State of the Planet

News from the Columbia Climate School

Join Us on June 10 to Celebrate World Fish Migration Day on the Hudson Estuary

Participants gather for fish count
Scientists and educators are at each site to share information about each species pulled in.

As winter turns to spring each year, the change in seasons drives migratory fish from the world’s ocean into estuaries and freshwater tributaries to spawn. The slight warming of the water, the subtle lengthening of the daylight, and simple biologic triggers can send an assortment of saltwater fish inland to reproduce. We celebrate this seasonal cycle on the Hudson River with our annual World Fish Migration Day Event hosted by the Columbia Climate School’s Lamont-Doherty Earth Observatory and the New York State Department of Environmental Conservation.

On Saturday, June 10, at multiple locations throughout the Hudson and Harbor, groups will host free public events inviting participants a chance to pull a seine net along the shore, or drop in a fishing line from a pier, to see just what might be moving in the water. We will host a site at the Lamont Field Station at 200 Ferry Rd. in Piermont NY. This will be our first Science Saturday event of the summer season. All the species are counted and then returned to the estuary to continue their role in the ecosystem. This event is a great way to celebrate National Ocean Month and to learn why the Hudson estuary is referred to as a vital ‘arm of the ocean’!

Why Do Fish Chose Estuaries for Spawning?

The ocean is a vast space with a wide mix of predatory species of fish, and small, young of the year fish, can find this a very hostile environment. The calm, protected waters of an estuary can provide juvenile fish a place to ‘hide out’ and, put on a little size, before they move back into the larger ocean and a more challenging environment. It is the connection between land and water, where the slowing of the water allows suspended materials rich in minerals and nutrients that wash in off the land to drop and settle, that creates valuable nurseries for many of our fish species. In addition to being calm, the shallow, nutrient-rich nature of estuaries offer a seemingly endless supply of food for young, freshly spawned fish. In the U.S., most of the fish we eat spend at least part of their lifecycle in estuaries.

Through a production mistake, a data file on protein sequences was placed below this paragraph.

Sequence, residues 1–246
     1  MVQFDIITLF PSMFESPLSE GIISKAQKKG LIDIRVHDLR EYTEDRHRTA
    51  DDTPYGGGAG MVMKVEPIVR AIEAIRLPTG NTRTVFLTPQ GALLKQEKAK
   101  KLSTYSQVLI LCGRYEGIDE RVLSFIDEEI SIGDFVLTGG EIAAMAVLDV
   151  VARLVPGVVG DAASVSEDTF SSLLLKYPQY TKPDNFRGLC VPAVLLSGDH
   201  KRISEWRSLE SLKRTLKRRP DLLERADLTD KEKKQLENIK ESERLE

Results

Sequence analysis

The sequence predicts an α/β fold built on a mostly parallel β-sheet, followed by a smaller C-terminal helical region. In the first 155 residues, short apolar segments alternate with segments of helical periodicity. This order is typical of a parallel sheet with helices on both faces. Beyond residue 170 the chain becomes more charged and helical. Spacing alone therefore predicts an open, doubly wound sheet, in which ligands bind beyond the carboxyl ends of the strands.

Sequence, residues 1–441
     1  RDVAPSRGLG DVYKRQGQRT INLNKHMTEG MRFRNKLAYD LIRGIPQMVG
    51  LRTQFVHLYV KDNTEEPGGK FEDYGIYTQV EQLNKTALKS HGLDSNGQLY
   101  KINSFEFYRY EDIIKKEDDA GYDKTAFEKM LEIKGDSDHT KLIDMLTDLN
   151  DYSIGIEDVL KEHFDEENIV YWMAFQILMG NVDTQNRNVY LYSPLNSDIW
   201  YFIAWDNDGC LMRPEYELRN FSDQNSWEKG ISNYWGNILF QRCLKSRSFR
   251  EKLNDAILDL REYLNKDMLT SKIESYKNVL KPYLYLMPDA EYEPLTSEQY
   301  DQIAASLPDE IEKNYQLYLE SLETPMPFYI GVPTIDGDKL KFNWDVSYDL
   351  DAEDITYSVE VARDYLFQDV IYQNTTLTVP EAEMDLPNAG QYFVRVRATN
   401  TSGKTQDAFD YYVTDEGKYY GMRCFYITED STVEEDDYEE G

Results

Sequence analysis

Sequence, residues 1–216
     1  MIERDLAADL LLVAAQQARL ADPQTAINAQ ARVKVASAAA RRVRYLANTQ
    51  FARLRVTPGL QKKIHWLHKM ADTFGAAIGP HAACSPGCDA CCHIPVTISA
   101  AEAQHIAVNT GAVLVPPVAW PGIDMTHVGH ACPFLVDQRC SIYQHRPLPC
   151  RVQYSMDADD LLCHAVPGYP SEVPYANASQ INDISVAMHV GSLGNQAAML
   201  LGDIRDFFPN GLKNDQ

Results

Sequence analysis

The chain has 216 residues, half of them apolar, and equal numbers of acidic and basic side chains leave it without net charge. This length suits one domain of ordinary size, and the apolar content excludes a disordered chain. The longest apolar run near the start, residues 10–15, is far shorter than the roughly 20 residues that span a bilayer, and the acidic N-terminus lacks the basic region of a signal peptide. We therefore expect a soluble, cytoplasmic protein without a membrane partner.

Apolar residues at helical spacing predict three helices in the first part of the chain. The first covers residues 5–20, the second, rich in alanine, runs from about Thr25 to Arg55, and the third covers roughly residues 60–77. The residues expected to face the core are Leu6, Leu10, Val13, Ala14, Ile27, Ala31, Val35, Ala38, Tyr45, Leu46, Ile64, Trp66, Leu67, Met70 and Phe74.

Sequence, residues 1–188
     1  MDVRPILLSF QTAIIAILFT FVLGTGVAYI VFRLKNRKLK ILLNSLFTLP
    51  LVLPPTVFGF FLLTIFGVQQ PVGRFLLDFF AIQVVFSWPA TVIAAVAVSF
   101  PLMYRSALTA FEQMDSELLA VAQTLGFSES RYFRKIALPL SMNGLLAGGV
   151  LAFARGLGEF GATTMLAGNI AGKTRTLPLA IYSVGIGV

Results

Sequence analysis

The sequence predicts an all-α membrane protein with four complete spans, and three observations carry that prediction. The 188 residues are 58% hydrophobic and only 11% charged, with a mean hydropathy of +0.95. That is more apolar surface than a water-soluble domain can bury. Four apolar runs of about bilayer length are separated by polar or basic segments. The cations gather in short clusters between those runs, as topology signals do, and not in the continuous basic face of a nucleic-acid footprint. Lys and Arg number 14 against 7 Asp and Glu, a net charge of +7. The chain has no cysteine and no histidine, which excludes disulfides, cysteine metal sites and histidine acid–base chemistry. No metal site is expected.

What Species Could We See?

American eel
American eel are a common presence in the Hudson although at this time of year we are more likely to net smaller glass eel moving into the estuary or young elvers moving upriver, rather than this full grown yellow eel. (Image by Margie Turrin)

It is hard to predict what we might pull in. We regularly see striped bass, American eel, and a variety of herring species including the blueback, alewife (together referred to as river herring), American shad and Atlantic menhaden. There are also other species moving from fresh to salt water within the Hudson this time of year, like the iconic blue crab. Mating and egg release occurs in the saltier lower Hudson but the small crabs will travel to brackish (mix of salt and fresh) water to begin their cycle of shell creation and molting as they begin their growth to maturity. The males will spend most of their time in the brackish and freshwater sections of the Hudson before returning downriver to the salt to find the females, and mate again.